05/16/2006 07:41:32 AM · #13
I am acutally one of those that are getting DNMC and was even considering self DQ because I didn't read the details well enough. It wasn't a case of thinking outside the box...heck I have enough trouble thinking period...it was a case of, I got excited about an image and decided it would work for the challenge.

I have since decided NOT to self DQ and just let it ride...actually the score is so low it isn't riding, it's skidding.

Personally for me, had I read the details better my image would have been most likly of a person but knowing my skills I'd still be skidding along.

Good luck to everyone that entered.
05/16/2006 07:51:46 AM · #14
Mine isn't a flower, and IS of a person, and IS very creative and nicely done in techs and PP. It has great comments, and yet, it has been dropping like a rock since voting began.

The bottom line is you can shoot a freaking stick bug on a stick tree, or a man or womans face in their full environment and there will still be the jealous who just HAVE to find a flaw somewhere in some aspect, or those who don't believe you met challenge in "their" eyes, or those that feel you broke "submission rules" and vote it down not letting council do their jobs, or those that think its "a wonderful capture and great shot and terrific creativity" and then they vote it a 3. And so the story goes.

Every challenge is a total crap shoot. It's a gamble like any other casino. You get excited about the trip there and possibly winning (taking the shot for the challenge), you get excited about throwing your coins in the slot machine (entering the shot), and then you are either excited you won some money (get a decent score) or you are bummed cause you go home empty handed (tank, brown, or it wasn't what you expected your shot to get for a score). The excitement really lies in the hunt here when we enter these challenges, but we really can rarely think we will come home with the kill. Only 3 out of 250 (# of entries) or so are your chances with every challenge, and that "ain't" good odds.

Yes, some skill is involved. You do want your photo to be the best it can be in techs and meeting theme, and blah blah yadda yadda, but sometimes even those are voted down out of jealousy or because others feel if they vote it low their scores will go up. The voting process is just too diverse and subjective (and sometimes just too ridiculous) to keep beating the dead horse about it. Just concentrate on the next challenge, and know what you entered is what you loved. In that, you are always a winner.

05/16/2006 07:53:48 AM · #15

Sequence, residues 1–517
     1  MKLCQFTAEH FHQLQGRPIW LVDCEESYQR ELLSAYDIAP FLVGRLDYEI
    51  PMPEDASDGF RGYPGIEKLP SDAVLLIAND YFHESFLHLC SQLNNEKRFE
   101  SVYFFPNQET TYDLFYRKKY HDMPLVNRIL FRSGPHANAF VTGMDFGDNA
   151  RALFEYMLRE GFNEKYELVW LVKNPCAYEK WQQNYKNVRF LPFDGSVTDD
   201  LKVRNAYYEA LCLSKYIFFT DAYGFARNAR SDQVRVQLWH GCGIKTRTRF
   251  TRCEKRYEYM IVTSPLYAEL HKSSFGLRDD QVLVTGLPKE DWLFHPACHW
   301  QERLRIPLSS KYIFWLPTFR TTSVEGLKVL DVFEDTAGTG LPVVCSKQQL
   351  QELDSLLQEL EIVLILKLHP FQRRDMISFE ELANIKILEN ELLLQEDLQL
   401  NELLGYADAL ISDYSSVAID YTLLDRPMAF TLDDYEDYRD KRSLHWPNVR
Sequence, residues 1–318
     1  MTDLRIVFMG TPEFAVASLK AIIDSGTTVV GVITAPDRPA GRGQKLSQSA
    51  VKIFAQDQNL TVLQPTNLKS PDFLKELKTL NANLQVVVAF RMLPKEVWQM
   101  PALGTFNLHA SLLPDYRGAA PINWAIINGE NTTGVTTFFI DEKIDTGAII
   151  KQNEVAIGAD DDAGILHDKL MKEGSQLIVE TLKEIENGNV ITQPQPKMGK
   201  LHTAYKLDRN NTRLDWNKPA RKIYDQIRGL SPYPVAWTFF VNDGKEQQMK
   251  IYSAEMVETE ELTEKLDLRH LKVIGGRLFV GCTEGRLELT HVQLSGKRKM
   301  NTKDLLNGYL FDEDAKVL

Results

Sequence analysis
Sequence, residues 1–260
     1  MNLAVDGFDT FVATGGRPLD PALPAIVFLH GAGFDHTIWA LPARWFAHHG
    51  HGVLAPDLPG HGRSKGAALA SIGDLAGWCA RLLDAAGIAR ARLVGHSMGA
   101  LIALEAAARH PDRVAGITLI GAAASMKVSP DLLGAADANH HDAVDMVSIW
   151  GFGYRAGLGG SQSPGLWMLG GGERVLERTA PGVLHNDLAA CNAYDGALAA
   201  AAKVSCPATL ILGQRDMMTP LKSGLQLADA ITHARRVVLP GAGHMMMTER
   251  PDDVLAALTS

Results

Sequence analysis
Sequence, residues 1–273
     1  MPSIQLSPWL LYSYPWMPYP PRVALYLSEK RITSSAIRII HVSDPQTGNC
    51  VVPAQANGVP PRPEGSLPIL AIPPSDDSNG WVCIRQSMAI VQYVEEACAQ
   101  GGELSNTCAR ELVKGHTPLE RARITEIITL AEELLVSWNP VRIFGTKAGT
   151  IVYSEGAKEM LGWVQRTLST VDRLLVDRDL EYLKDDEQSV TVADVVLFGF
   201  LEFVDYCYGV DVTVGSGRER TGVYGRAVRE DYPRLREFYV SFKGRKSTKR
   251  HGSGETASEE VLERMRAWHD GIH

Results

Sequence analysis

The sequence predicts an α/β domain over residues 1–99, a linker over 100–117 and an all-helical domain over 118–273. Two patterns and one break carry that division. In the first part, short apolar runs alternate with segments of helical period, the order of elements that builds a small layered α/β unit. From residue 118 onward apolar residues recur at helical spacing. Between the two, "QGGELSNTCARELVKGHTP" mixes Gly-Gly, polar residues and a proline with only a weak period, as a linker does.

Hey now. Wait a minute. I just noticed this post and nowhere in the challenge description does it say the portrait must be of a person.

Challenge description: "Photograph a portrait that says something about the subject within the framework of their own environment."

It says "...something about the subject...". I think the word "subject" was used intentionally to leave options open. It it was meant to be limited to people it would say "...something about the person...".

I can think of several portrait scenarios that would fit this challenge and it doesn't have to be a person.
05/16/2006 07:55:07 AM · #16
When someone votes they are voicing their opinion. Most voters will penalise a photo which they don't think meets the challenge. After all this is why we have challenge topics isn't it?

I think it's interesting that some people think the creation of "art" apparently requires the rules to be broken. I don't think thats the case at all. Sure some artists are well known for breaking the mould... but funnily enough you then get a whole slew of imitators that follow the new agenda - and abide closely to the new rules.

For example Monet is famous for his impressionist landscapes. He was one of the first to popularise the impressionistic style, and initially his wok was not considered masterful I'm sure. Once his work became popular there was a whole school of impressionism - it became mainstream and was not considered breaking the rules.

Funnily enough if he had insisted those same landscapes were in fact portraits I don't think he would have enjoyed the same acceptance...
05/16/2006 07:59:36 AM · #17
Without reading the rest of this thread.

As a photographer, no matter what the challenge is, or if you just show your work to a stranger on a street, or to the next door neighbor, the first impression is the most critical.

As a viewer, I must be 100% convinced of what you are after.

You, and only you have one chance to do that within the frame of your shot.

If you decided to put a flower in the enviromental challenge, and in my opinion a very hard to do subject within the challenge itself, then it is up to you to convince me why this flower is considered a portrait, and what is the enviroment it surrounds.